While Christmas reveals the Incarnation to the rest of us, it had already happened back then. Mary was the first to know; and her cousin Elizabeth's unborn baby John (the Baptist) was the first to bear witness. His leaping in the womb was the first act of Christian testimony, a fetal response to a gospel first preached by an embryonic Jesus (perhaps two or three weeks old). As we read this narrative of theology from the womb, our minds turn to a near contemporary who would in due time electrify the ancient pagan world and lay the foundations of its collapse: Saul of Tarsus, also set apart from his mother's womb (Galatians 1:15). Three unborn children in whose hands lay the destiny of humankind. And one of them was not merely the tiniest of humans, he was the cosmic creator, the Word by whom the Godhead has spoken into existence the vastness of time and space. And the One who will one day be our Judge.
Cameron looks back at the meaning of the conception of Jesus in Mary by the Holy Spirit, and to the concrete reality of what happened during Mary's pregnancy:
God took human form; and he took it not simply as a baby, but as the tiniest of all human beings, a mere biological speck, so small and so undeveloped that it could be mistaken for a laboratory artifact, a research specimen, an object for human experimentation. But this speck was God; this complete genetic human organism, in its primitive and undeveloped form, was so much "one of us" as to bear the existence of the Creator. He dignified humanity by taking the form of this creature he had made in his image; and he did it at the most inauspicious and feeble point in the human life story. At the heart of the Christmas celebration lies the fact of all facts, that God became a zygote.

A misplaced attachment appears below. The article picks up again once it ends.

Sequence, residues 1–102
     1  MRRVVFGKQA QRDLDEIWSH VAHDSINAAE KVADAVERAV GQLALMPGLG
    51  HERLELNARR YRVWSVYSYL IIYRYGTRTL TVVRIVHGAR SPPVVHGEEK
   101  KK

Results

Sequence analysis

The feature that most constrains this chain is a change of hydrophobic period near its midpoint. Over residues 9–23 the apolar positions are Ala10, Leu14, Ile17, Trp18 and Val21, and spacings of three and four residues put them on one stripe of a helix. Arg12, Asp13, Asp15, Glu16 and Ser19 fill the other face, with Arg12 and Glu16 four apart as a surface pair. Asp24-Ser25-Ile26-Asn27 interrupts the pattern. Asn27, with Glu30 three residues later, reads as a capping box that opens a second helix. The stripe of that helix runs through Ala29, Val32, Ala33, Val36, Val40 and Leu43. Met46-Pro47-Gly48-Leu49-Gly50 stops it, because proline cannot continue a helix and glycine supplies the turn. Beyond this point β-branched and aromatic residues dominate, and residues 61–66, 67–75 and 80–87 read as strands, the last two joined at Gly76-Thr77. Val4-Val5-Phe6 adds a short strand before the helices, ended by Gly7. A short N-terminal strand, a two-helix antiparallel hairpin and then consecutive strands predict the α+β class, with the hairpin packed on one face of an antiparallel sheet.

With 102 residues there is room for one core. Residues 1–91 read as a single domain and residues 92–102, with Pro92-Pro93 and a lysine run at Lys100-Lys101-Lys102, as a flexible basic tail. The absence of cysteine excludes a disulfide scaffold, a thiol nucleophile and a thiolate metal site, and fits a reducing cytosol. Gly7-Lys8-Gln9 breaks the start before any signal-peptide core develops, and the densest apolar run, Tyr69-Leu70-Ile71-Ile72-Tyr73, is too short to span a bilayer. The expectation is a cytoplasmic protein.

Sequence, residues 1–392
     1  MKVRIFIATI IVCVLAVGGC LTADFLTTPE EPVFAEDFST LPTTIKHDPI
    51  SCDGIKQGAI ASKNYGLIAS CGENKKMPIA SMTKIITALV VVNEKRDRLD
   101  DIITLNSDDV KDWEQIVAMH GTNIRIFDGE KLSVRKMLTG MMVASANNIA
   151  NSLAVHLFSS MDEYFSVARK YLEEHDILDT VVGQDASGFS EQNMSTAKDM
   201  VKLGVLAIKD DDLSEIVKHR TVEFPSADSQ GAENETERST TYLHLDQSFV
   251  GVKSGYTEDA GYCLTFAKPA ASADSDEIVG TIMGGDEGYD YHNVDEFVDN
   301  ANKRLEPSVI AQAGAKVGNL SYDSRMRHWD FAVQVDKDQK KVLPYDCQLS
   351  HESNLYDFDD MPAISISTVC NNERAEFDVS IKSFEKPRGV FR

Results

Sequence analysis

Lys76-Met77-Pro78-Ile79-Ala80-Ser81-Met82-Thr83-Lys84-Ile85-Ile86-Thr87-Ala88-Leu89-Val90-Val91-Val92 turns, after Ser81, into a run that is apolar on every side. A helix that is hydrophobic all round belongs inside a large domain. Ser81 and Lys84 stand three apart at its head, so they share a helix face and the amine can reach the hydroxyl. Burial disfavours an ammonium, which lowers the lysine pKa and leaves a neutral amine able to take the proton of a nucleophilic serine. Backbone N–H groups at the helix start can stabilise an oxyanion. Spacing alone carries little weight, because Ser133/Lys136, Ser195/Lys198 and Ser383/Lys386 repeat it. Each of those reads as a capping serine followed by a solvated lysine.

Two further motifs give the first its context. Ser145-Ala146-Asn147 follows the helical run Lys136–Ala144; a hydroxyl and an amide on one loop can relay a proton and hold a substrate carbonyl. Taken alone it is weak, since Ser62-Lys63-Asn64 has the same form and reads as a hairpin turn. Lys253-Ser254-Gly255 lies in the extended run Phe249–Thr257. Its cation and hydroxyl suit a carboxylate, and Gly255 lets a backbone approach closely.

Controversial in our day, yet inescapable as an implication of the incarnation, is the impact the conception of Christ has for current embryonic research:
Therefore: It is important to realize that there are several powerful arguments against using human embryos for research, some of which do not depend on the idea that the embryo is "one of us." And we can argue that the embryo is "one of us"--that human dignity is as indivisible as biological human nature--without ever arguing from theology and Christian belief. But if we are Christians, we have theological underpinnings for such arguments. We believe that all human beings are made in the image of God. We believe that Jesus Christ was God taking human form for himself. And we believe that we started right at the beginning--that incarnation took place in embryo.
The birth of the Bethlehem baby gives cause for celebration around the world. However, the miracle of incarnation took place in time nine months before that holy Advent we recognize by Christmas. Immanuel came to this world, not as a nearly helpless baby but as a totally vulnerable embryo.